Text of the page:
The Japanese rice ball is a simple staple but there are a few techniques that can help making one easy and delicious. In addition, there are many appetizing variations to consider, but for the beginner, it’s best to start at the beginning.
The Japanese rice ball is called onigiri (which differs from nigiri sushi) or musubi (or omusubi to be more respectful). The first name refers to the way it is made by pressing in the hand (“nigiru” means grip) while the latter to the way it is wrapped in a strip of nori seaweed (“musubu” means to tie). Musubi is a portable food so it often is a picnic, lunch or travel food.
Even though Americans call them rice balls, musubi is not shaped into spherical balls. Once, round rice balls were served only at funerals and to do make them this way at any other time was considered bad luck. However, this superstition is falling out of practice as you can find a lot of onigiri varieties in Japan in different shapes, including the occasional round.
Still omusubi usually is shaped into triangles. You don’t need a mold for this standard shape, although there are molds to make it easier. In fact, there are cute molds of all types to make cute rice “balls” for bento lunches. I have molds that are shaped like fish, hearts, flowers, bears and squares. But the usual shape I make is the traditional triangle because it makes a bigger musubi that I can fill with a tart umeboshi (small red pickled plum).
It might seem like a no-brainer to make a rice ball, but trust me, I’ve made plenty substandard musubi to know that there are important tips to consider:
1. Use only short-grain Japanese rice. Other varieties lack the stickiness necessary for the rice to hold into shape.
2. Cook the rice properly and let it steam.
3. Salt the rice well while fluffing or it will lack flavor. You also can sprinkle some extra salt on your damp hands as you form the rice.
4. Wet your hands with water to prevent the rice from sticking.
5. Rinse a small chawan or rice bowl with water to wet it.
6. Mold the rice while it is still hot (after it steams a little) and press firmly.
7. If possible, wrap the nori around the rice ball just before serving to keep it crisp.
Japanese Rice Balls or Onigiri/Musubi
3 cups short grain Japanese rice, rinsed
3 cups water
2 tsp. salt
nori sheets cut into 7 strips about 2 ½ inches x 7 inches
filling: small umeboshi plums
Using a standard Japanese rice cooker, place 3 cups of rinsed rice grains with 3 cups of clean water. Cover the pot and let this site for at least one hour but no more than three. Turn on the cooker. After the cooker indicates that the rice is done, allow it to steam for 10-15 minutes. Do not open the lid during this time.
Wet a large mixing bowl with water and drain it. Place the hot rice into this bowl. Sprinkle the salt over the rice and carefully, using a wet rice paddle or shamoji, fluff and toss the rice. Be careful not to break the grains.
Wet a small rice bowl and place about ¾ cup of rice into the dish. Toss the dish up and down slightly to pack the rice against the bowl sides. The rice should turn and begin to form a round shape. If you are filling the musubi with something like a small red umeboshi pickled plum, push it into the center of the rice at this time. Moisten your hands with water. My aunt sprinkles a little salt on her damp hands before she forms the rice; my salt-conscious mother does not. Dump the rice into one hand. Press the rice with both hands as though you are forming a snowball, only press the fingers of both hands extra tight to flatten those sides to form the rice into a triangle. Reposition the rice triangle in your hands to flatten all the sides of the rice, being sure to form a triangle. Press firmly but don’t be ridiculous about it and smash it too much!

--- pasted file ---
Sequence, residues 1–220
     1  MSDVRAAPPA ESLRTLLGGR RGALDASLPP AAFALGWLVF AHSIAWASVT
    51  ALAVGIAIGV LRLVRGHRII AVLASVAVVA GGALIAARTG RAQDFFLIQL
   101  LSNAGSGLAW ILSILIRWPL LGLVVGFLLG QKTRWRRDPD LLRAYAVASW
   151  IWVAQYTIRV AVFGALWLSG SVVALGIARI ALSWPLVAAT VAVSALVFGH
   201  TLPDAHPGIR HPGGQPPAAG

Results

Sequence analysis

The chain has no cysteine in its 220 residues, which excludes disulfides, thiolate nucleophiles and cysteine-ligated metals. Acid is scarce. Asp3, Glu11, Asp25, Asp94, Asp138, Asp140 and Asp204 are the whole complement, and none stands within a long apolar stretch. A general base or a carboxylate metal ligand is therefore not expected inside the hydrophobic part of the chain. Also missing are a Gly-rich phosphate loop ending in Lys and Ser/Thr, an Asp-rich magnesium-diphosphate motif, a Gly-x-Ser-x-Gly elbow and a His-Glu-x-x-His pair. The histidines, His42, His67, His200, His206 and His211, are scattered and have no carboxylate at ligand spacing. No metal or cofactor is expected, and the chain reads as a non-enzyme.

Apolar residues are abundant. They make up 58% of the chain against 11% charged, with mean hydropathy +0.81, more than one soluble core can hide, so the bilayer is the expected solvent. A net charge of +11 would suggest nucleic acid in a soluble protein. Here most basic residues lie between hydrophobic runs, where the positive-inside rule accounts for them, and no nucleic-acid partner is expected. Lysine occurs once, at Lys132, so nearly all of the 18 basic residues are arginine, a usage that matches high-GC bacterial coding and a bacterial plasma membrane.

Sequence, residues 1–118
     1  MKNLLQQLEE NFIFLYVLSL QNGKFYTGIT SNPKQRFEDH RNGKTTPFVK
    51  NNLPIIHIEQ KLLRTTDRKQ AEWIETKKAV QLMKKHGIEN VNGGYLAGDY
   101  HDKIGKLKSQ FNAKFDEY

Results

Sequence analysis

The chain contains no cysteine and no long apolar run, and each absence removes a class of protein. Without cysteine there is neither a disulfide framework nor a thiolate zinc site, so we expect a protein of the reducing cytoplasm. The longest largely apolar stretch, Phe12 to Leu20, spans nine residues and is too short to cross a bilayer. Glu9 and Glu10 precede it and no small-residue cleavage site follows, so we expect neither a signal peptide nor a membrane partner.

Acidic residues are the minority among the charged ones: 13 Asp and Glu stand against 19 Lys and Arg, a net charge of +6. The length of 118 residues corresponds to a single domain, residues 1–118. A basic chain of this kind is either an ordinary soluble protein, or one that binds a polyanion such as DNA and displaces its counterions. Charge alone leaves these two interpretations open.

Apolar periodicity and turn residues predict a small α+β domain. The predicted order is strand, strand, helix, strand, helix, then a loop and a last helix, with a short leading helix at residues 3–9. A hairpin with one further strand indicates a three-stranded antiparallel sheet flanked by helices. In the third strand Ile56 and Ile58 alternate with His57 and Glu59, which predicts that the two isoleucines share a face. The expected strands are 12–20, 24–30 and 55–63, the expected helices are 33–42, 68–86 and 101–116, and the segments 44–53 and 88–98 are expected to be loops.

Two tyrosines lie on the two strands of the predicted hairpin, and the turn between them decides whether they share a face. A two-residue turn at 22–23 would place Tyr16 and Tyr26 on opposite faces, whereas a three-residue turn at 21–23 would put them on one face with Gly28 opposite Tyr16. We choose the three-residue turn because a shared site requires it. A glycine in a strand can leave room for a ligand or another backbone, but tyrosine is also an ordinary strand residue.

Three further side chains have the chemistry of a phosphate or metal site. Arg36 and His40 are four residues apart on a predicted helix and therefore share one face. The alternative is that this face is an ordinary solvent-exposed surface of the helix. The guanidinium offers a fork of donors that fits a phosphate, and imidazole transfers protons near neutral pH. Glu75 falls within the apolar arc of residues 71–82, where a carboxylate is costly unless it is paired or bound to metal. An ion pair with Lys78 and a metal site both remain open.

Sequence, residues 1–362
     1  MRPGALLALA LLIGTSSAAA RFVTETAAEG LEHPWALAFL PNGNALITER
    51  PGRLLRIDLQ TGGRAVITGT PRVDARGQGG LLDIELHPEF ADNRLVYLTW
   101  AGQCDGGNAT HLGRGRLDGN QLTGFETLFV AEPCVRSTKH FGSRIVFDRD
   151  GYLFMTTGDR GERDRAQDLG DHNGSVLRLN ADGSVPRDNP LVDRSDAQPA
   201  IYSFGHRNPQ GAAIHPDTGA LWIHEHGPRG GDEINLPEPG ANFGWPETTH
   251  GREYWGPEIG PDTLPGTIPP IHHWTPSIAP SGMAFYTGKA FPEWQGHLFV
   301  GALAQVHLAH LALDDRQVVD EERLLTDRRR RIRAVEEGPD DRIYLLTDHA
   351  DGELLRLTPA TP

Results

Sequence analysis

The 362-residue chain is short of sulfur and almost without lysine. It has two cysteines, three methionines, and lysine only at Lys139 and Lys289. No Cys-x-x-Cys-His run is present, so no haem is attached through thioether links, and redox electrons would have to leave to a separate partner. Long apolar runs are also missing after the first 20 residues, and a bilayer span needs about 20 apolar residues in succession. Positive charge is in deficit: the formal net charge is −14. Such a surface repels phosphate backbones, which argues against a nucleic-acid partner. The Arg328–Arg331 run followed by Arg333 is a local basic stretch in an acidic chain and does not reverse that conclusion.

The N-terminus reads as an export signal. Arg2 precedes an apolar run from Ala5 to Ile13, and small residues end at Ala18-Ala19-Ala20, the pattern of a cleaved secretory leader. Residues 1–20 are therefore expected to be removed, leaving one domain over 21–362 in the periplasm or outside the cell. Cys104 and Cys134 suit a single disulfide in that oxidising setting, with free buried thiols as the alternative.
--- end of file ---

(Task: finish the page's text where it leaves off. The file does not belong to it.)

*Note: Many chefs today use a piece of plastic wrap, or even a small plastic zip-top baggie, to handle the hot rice. The rice won't stick to it and it will keep hands free from having to handle the sticky rice directly. Place about 1/2 cup of hot rice in the center of some plastic wrap, bring up the sides and press the packet into a triangle shape. Unwrap and continue...
Wrap a nori strip around the triangle. (I usually cut a nori sheet into thirds, width-wise.)There are two ways to wrap it. Either you can wrap it around the perimeter of the triangle or your can bring up the nori around the larger flat front and back sides of the triangle which is the way it is usually served and the way I prefer it.
The longer the nori stays on the hot rice, the softer it will get. One can’t help that if you are making it ahead of time and need to take it to a picnic or lunch. But, if you can, wrap it just before you serve it so the nori will retain its crispness. I love it when I buy onigiri and the nori is wrapped separately, but most of the time, it isn’t.
The variations of musubi flavors can be creative and delicious. Poke other fillings into the center. I like to put in other pickled vegetables like takuan. Sometimes, bits of cooked fish are tucked inside.You can mix in seasonings into the hot cooked rice before you press it into shape. Furikake, or seasoned nori flakes with toasted sesame seeds, come in different flavors and you can sprinkle a good amount into the hot rice. I made my husband his own version called Happy Hubby Sweet Bacon Musubi (click on the link!)
Mini Musubi Tray
Using a musubi mold with small decorative shapes, make about a dozen mini-musubi. Then, garnish each one differently using a variety of seasonings such as sliced takuan, powdered green tea (matcha), furikake, shizo leaves, fresh vegetables, pickled ginger, cooked shrimp or clams and dried shrimp/ebi powder. Serve with tea for a light luncheon or for appetizers.